I have a compost pile but it's not in my home, and I need to store the kitchen scraps temporarily somewhere. I use a small plastic bin for that purpose. I don't have any brown materials, only nitrogen-rich materials. When I open the bin, it has a sharp and strong odor - it's not like rotten eggs, it's different. I don't know what this gas is, but is it safe? I hope the bin doesn't explode! The bin is very small and it's sealed (of course), it's about 40x30cm (~1x1 feet).

  • Never heard of sealed compost exploding but this source claims it can. bayweekly.com/articles/bay-gardener-dr-francis-gouin/article/… I don't know if they mean explode as a fireball or just pop open violently from the build up of gas though. Sealed compost in general isn't a good idea. You should have access to ample browns in your kitchen. Paper towels, coffee filters, etc. May 15, 2015 at 14:50
  • I'm not using the bin for composting, just to store the kitchen scraps temporarily there. The compost pile is not located in my home.
    – user11323
    May 15, 2015 at 14:57
  • The compost process starts on it's own. You can't really control it. How often do you empty the container into the bin? May 15, 2015 at 15:29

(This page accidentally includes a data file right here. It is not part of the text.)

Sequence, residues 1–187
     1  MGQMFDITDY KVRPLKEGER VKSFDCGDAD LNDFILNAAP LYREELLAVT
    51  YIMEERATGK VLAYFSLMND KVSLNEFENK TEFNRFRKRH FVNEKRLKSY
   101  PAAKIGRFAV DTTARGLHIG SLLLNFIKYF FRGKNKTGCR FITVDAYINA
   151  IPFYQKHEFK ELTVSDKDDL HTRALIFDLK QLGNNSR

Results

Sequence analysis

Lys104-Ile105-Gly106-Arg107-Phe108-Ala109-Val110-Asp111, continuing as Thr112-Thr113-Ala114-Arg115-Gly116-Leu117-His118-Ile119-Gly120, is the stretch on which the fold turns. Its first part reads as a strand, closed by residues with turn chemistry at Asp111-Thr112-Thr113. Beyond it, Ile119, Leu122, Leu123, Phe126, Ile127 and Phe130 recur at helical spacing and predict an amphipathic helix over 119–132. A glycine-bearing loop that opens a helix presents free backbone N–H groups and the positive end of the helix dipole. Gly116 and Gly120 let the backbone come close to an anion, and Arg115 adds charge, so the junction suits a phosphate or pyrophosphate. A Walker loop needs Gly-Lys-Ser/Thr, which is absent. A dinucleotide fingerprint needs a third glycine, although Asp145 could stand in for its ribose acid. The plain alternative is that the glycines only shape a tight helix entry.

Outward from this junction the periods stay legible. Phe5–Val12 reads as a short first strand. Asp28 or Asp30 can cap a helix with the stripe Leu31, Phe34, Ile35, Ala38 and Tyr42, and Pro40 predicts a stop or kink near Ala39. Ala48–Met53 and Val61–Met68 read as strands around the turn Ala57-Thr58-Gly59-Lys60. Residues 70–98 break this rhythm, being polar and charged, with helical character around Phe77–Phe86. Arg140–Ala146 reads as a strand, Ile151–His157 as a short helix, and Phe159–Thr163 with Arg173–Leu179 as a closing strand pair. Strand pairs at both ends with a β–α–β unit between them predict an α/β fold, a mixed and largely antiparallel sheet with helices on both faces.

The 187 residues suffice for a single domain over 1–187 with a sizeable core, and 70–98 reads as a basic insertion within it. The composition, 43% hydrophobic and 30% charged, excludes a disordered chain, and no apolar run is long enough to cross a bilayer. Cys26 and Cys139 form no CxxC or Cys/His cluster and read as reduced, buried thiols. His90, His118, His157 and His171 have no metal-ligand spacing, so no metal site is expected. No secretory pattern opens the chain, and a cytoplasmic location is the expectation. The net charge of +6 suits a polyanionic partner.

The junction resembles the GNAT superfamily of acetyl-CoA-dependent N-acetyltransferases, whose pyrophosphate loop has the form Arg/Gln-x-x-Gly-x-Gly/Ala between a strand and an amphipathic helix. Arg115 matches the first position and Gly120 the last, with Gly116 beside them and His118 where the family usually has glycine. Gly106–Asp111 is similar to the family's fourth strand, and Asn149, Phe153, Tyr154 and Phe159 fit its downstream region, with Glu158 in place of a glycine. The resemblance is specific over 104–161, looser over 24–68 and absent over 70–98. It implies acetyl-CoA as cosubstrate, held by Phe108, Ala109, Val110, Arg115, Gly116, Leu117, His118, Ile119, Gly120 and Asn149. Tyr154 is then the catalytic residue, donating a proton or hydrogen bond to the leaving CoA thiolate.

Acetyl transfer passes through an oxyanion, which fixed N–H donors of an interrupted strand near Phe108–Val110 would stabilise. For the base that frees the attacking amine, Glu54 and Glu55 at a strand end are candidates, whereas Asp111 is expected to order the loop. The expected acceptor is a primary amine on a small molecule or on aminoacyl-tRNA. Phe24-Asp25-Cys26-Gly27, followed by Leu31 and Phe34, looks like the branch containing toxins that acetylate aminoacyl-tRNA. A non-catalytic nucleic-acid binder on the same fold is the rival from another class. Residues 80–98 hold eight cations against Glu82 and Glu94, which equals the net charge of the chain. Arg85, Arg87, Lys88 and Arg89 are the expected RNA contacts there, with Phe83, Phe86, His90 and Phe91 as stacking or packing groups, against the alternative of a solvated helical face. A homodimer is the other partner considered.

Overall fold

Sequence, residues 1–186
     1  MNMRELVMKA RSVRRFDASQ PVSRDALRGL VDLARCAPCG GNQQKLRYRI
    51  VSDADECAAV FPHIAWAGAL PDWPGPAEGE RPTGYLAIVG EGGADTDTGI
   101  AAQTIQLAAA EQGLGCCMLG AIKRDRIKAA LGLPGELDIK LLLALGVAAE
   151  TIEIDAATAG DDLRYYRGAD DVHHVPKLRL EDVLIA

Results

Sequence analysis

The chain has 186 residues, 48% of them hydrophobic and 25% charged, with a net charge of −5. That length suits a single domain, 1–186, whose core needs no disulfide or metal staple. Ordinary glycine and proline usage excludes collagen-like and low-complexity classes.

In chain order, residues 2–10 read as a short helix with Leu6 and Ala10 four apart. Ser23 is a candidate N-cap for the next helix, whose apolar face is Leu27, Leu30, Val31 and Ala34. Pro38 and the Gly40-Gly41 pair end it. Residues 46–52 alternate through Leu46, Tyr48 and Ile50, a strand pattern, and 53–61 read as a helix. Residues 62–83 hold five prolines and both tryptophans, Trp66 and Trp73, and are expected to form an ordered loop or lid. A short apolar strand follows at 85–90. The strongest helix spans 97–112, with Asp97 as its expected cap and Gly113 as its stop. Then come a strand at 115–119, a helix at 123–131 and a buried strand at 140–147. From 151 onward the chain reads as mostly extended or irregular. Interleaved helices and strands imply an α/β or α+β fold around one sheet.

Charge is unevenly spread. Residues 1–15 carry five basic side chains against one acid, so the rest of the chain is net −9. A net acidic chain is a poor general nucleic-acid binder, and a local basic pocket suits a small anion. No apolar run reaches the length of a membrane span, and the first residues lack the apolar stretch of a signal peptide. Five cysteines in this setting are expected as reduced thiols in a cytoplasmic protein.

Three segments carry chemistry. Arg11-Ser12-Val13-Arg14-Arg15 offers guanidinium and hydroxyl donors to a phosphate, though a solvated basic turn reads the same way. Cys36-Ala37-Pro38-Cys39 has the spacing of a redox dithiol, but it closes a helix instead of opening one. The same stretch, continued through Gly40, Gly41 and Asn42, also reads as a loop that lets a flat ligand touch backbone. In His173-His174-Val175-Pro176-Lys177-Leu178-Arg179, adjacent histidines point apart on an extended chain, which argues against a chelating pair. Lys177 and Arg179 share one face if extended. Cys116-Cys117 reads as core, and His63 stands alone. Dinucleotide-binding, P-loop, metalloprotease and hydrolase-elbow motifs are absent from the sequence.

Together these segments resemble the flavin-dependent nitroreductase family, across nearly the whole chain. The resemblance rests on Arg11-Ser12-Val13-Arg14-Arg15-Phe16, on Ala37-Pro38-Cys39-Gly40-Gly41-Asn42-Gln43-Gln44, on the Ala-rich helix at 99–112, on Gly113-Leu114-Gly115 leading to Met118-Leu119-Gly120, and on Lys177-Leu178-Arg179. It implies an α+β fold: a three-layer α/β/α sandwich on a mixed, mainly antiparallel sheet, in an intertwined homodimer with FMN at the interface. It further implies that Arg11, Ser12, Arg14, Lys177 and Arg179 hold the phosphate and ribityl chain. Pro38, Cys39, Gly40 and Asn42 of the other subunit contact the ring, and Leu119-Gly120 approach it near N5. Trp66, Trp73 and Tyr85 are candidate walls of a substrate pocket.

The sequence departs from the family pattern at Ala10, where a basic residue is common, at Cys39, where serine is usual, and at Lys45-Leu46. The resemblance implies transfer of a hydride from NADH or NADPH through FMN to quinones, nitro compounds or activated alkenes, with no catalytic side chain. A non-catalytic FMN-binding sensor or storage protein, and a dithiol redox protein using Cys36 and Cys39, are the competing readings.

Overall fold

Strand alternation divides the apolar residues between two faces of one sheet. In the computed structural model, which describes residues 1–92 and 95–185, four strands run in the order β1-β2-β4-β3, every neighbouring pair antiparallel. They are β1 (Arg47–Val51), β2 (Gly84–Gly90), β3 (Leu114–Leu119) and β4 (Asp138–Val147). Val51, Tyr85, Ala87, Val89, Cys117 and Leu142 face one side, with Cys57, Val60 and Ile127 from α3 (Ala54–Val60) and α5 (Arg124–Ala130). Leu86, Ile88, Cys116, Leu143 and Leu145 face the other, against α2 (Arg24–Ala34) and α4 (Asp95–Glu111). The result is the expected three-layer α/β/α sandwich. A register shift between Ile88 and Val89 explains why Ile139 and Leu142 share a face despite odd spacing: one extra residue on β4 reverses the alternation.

• Not sure what do you mean by "empty the container into the bin". What container? English is not my native language, maybe i'm missing something. I empty the bin once per week, i think that's what you're asking.
    – user11323
    May 15, 2015 at 15:41

1 Answer 1


Well, you'd have to come up with the spark and the oxygen to get an "explosion", but you certainly can generate methane that way - however, if you don't leave it for long periods that seems HIGHLY unlikely.

Take the compost materials out to the actual compost on a regular basis, like daily.

Having the top pop off by itself to relieve gas pressure would be a sign that you need to take it out more often than you are. If you had a spark or a candle just in the right spot at that moment, I suppose you might manage ignition.

If it's really well sealed you could store it in the refrigerator or freezer and that would pretty much eliminate the possibility, as the methane bacteria like it warm and anaerobic. But you want a near-perfect seal or you risk tainting your food. Not using a tightly sealed container solves the issue by keeping it aerobic.

  • I can't take the compost materials out to the pile everyday. I can do that once per week. From now on i'll keep the bin slightly opened to allow air into it. I also put some soil into it from time to time. Hopefully that will reduce the production of methane or whatever gas it is...
    – user11323
    May 15, 2015 at 15:46

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